The World Economic Forum released a new study on private equity’s impact on growth, concluding that private equity-backed industries grow more rapidly than other industries. The study looked at total production, value added and employment.
Find the entire study here.
Summary From WEF:
Industries with private equity activity grow more rapidly (as measured by total production, value added and employment) and experience no more volatility in the face of industry cycles than other industries. In some cases, industries with private equity activity are less volatile, particularly in terms of employment. This is according to a new World Economic Forum study, Globalization of Alternative Investments Working Papers Volume 3: The Global Economic Impact of Private Equity Report 2010, which is part of an exhaustive examination of the private equity industry’s impact on the global economy.
The working papers also find that modest levels of direct and indirect government venture capital support (in conjunction with private funding) can help the performance of young enterprises. Public support seems most effective when provided at a national or international organization level.
The research project included an international team of noted academics led by Josh Lerner, Jacob H. Schiff Professor of Investment Banking at Harvard Business School.
“As private equity and venture capital investment continues to increase on a worldwide scale, many practitioners and observers desire a better understanding of the real impact of these capital flows on the global economy. To help provide answers, the World Economic Forum’s research has utilized unique quantitative and qualitative analysis to measure private equity’s impact on new innovation, productivity gains, job creation and returns for the institution’s private equity investors,” said Lerner and Anuradha Gurung, Associate Director, Investors Industries, World Economic Forum, co-editors of the Working Papers.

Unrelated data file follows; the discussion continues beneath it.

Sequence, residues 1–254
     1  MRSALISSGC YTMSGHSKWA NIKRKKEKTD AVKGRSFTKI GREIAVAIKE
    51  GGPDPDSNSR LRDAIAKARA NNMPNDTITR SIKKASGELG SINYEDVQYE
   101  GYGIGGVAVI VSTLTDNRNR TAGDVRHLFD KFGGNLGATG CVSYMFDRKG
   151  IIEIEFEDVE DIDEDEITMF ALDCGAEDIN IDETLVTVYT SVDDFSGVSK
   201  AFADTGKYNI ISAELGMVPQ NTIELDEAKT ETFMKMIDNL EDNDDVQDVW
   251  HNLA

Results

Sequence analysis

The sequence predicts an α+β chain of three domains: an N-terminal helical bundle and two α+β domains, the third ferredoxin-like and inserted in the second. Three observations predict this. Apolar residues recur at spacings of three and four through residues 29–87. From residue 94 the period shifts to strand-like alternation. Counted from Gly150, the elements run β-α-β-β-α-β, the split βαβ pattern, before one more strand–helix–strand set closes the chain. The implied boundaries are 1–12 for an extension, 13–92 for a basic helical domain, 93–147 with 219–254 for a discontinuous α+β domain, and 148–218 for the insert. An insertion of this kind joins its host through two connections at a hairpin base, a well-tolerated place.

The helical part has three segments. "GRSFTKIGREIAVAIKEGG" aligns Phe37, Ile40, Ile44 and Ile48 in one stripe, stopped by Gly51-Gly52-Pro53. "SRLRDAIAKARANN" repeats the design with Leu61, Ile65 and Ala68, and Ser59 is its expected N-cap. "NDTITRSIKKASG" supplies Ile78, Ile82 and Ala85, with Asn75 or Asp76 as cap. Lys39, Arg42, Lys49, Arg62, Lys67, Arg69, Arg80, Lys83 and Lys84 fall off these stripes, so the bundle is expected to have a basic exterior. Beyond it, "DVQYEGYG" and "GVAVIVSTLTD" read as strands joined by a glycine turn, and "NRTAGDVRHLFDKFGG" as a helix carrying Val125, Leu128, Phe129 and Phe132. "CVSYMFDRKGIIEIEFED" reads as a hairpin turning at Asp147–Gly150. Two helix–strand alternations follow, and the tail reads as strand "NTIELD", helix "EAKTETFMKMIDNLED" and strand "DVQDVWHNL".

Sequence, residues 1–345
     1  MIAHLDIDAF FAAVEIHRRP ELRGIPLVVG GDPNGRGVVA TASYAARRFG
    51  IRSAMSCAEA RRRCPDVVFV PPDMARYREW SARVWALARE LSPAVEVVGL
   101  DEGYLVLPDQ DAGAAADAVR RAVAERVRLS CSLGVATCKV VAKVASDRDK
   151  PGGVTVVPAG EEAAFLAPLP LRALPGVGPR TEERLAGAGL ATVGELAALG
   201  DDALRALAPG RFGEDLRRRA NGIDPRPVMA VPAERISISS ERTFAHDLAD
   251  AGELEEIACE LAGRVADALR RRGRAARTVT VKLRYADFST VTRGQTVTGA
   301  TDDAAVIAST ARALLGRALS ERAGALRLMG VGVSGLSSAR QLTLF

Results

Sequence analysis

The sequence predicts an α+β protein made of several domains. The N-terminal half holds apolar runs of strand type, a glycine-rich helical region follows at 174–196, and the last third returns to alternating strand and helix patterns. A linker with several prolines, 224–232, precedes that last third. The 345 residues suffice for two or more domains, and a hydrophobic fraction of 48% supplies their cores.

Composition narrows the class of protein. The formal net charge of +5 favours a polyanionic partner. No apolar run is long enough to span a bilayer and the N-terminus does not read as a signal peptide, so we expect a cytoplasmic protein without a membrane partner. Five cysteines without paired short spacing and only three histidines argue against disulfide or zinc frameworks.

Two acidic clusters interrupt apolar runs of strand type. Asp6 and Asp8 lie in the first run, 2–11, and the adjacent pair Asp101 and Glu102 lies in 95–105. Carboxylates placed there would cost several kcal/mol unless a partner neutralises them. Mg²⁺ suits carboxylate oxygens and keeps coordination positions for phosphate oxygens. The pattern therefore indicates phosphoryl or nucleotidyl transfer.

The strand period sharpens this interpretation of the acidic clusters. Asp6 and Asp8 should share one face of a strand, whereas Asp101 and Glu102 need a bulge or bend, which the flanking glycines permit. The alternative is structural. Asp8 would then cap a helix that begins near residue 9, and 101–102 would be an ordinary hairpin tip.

“The World Economic Forum’s Working Papers provide new insight on the industry’s ecosystem and lay out tangible evidence that, if structured appropriately, private equity is indeed a vital catalyst to sustained economic growth on a global basis,” added Joncarlo Mark, Senior Portfolio Manager, CalPERS, USA; Chairman, Institutional Limited Partners Association, and Member of the Advisory Board comprised of 15 global representatives from diverse sectors including banking, government, institutional investments and organized labour.
Dominique Senequier, Chief Executive Officer, AXA Private Equity, France, and Member of the Advisory Board, said: “The World Economic Forum research provides a very balanced view of how private equity and venture capital function. We hope that the results of these studies lead to a better recognition that private capital has a constructive role to play in the global economy.”
Key highlights from the research include:
I. Private Equity, Industry Performance and Cyclicality study
This paper looks at the macroeconomic impact of private equity by focusing on its impact on industry performance and cyclicality. The study examines the impact of private equity investments across 20 industries in 26 major OECD countries between 1991 and 2007. In particular, the researchers looked at the relationship between the presence of private equity investments and the growth rates of productivity, employment and capital formation.
• Industries where private equity funds have been active in the past five years grow more rapidly than other sectors, whether measured using total production, value added or employment. In industries with private equity investments, there are few significant differences between industries with low or high levels of private equity activity.
• Activity in industries with private equity backing appears to be no more volatile in the face of industry cycles than in other industries, and sometimes less so. The reduced volatility is particularly apparent in employment.